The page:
Lady Booby, who watches Fanny and Joseph, decides to use Beau Didapper to seduce Fanny or disgrace her, thus destroying the future marriage. She seemingly innocently invites him and both Boobys to the house of the clergyman, where Beau continues his advances, enraging Joseph to no end. Mr. Booby, finally gives up and asks why such a clever and promising young man is wasting his time for the simple illiterate milkmaid? It is enough for Joseph. He loudly promises to never speak to anyone who doesn’t accept his future wife and leaves. In the evening he, Fanny, Pedlar and Adams family meet in the alehouse and Pedlar announces the solemn news: he talked to Mr. and Mrs. Addams and it seems that Fanny is their long-lost daughter. So, if it’s true, she and Joseph are siblings and can’t marry in any case. Devastated, the couple decides to go to Booby Hall and demand the meeting with Mr. and Mrs. Andrews who will tell the truth in the presence of the noble witnesses.
When they go to sleep in the Booby Hall, everything goes wrong. At first Beau Didapper tries to break into Fanny’s bedroom but misses the right door and sleeps with Mrs. Slipslop instead. Mrs. Slipslop cries for help, pleading to save her from the rapist and Mr. Adams with all his morals, comes for aid, but in the darkness he mistakes Mrs. Slipslop for her offender and attacks her, while Didapper runs away. Lady Booby, woken by the screams, comes to see what happened and sees Mr. Adams in Mrs. Slipslop’s bedroom, doing something suspicious in bed. Mr. Adams manages to explain the awkward situation and retreats in his room. But the poor clergyman also takes the wrong turn and ends up in Fanny’s bedroom. Fanny sleeps well, so both of them spend a night in the same bed, not aware of each other’s presence. But Joseph, who comes to wake his fiancée up is shocked and angry to see her with clergyman. Luckily, this time Mr. Adams also manages to explain the whole situation.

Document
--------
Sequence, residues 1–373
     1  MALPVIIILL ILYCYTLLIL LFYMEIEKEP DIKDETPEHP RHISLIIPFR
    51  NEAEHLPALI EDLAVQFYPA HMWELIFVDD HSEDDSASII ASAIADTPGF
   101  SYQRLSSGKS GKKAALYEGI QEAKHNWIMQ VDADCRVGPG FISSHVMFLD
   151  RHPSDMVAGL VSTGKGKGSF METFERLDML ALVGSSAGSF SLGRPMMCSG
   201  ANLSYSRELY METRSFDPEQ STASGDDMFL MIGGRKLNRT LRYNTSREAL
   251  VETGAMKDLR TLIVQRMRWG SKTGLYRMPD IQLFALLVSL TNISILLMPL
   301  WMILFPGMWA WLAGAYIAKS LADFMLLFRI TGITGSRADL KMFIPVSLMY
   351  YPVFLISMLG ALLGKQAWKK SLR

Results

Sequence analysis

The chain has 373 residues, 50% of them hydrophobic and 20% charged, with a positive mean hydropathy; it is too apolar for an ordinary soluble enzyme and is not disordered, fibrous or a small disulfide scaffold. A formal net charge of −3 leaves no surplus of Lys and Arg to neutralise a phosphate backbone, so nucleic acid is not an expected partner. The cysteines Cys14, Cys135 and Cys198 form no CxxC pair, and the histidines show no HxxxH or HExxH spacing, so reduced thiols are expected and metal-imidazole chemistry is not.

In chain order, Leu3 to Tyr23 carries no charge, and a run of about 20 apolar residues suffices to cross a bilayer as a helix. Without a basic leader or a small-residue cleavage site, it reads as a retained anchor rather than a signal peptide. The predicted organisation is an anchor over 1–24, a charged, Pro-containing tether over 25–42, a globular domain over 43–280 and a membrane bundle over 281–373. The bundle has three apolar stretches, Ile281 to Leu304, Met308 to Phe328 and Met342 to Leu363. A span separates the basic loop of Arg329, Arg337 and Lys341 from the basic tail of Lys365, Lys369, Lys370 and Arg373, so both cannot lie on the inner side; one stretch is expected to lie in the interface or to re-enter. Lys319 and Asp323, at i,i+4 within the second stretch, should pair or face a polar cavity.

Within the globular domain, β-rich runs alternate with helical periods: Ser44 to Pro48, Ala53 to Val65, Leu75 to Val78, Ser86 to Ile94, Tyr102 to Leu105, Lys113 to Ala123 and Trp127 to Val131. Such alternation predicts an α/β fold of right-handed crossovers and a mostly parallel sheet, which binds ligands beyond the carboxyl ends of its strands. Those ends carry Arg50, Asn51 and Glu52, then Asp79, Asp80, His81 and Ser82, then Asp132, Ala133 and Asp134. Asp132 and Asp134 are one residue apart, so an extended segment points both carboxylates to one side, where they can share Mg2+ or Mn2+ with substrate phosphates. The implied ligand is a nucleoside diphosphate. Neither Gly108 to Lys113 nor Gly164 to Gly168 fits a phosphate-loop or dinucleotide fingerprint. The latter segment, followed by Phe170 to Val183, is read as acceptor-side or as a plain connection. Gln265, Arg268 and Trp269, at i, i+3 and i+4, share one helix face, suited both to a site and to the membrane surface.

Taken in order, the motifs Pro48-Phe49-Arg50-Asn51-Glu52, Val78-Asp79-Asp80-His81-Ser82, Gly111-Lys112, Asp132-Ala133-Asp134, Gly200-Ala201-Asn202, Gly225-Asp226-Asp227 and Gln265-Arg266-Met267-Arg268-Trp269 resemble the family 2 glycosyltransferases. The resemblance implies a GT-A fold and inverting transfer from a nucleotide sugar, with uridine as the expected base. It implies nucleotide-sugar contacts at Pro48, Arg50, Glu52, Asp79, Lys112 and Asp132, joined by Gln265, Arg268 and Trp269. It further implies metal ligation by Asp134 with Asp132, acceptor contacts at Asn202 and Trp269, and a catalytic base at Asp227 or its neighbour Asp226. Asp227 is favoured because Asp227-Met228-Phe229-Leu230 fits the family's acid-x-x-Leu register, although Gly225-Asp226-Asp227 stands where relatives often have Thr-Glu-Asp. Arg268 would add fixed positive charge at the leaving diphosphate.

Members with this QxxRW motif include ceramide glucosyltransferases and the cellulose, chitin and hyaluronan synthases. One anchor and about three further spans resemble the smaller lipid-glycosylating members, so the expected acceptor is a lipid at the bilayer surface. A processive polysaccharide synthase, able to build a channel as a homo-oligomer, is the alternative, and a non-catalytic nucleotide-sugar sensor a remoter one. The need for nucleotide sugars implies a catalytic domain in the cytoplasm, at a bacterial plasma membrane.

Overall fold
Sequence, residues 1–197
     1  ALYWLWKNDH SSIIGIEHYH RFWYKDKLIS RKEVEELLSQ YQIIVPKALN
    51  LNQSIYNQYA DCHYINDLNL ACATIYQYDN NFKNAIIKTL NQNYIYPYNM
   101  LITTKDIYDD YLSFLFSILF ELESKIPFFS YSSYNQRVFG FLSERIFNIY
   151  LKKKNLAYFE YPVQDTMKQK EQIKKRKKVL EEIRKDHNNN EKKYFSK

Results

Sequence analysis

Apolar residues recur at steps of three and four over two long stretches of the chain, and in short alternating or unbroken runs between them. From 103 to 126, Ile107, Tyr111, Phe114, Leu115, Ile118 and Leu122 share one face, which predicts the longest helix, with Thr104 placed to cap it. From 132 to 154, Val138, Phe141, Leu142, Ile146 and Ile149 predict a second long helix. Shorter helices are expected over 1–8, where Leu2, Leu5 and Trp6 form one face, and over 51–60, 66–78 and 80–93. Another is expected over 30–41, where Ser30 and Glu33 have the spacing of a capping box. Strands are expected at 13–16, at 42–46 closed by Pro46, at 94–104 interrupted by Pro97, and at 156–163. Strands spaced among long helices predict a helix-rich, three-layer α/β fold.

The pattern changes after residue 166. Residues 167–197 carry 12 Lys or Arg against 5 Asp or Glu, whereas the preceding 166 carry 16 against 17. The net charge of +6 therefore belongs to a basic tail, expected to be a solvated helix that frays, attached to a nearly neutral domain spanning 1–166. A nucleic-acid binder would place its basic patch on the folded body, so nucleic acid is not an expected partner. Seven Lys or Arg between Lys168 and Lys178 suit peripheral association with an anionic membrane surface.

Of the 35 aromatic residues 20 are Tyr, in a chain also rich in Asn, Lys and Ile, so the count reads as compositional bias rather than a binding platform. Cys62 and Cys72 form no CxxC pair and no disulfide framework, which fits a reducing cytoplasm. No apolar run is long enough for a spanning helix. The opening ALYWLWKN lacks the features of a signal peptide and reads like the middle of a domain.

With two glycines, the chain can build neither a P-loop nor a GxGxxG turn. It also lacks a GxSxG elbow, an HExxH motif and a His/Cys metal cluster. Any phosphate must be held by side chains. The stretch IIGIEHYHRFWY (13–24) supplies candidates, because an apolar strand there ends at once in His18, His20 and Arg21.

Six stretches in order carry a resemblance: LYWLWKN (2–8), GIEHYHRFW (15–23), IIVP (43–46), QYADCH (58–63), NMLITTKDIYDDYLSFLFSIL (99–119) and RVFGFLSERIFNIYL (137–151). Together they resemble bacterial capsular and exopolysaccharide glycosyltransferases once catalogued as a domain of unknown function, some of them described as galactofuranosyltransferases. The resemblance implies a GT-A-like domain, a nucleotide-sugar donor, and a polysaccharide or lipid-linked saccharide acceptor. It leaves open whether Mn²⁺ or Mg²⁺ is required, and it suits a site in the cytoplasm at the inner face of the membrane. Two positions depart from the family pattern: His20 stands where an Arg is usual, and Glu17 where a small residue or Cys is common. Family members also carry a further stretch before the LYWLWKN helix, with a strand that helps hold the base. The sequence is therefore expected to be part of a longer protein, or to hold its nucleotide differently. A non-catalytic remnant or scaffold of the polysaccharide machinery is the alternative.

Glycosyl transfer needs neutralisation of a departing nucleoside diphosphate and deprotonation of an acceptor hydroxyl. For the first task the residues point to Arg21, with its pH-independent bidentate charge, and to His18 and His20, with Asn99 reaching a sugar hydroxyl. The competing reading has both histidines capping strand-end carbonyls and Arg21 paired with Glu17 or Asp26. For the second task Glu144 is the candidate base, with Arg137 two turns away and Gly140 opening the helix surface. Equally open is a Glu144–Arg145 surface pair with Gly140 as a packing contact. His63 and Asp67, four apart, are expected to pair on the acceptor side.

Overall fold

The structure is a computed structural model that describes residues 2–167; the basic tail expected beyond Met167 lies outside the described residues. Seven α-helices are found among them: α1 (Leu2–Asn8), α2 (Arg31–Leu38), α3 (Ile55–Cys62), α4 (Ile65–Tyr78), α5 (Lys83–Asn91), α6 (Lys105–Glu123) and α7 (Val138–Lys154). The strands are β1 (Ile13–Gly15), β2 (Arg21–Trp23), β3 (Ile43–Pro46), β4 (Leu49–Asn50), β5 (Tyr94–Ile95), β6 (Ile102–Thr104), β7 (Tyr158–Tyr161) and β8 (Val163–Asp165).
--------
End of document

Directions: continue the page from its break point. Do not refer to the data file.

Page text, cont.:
Adams leaves them alone and Fanny and Joseph promise each other that if they are siblings for real, they won’t marry any other people, staying faithful to their love forever. They go to the hall where everyone is waiting for Joseph’s parents. They arrive and announce that Fanny is their daughter, who was stolen when she was still a baby. But after the moment of despair for the lovers, they add that Joseph is the adopted one, a changeling baby they found in the cradle instead of their daughter. Suddenly the Pedlar, seeing a prominent birthmark on Joseph’s chest (he took his shirt off to let the witnesses examine him), remembers that Mr. Wilson has the same one and Adams remembers his story about the abduction of his son. Luckily, Mr. Wilson is passing nearby just in time to be invited into Booby Hall and reunited with his son.
Lady Booby leaves, angered that her plan didn’t work. Everyone else goes to the country estate of Mr. and Mrs. Booby where Fanny and Joseph can finally marry. They build a house near the Wilsons and Mr. Booby presents them a small fortune as a wedding gift. He also helps Mr. Adams with his financial troubles and gives the Pedlar a job. Lady Booby returns to London.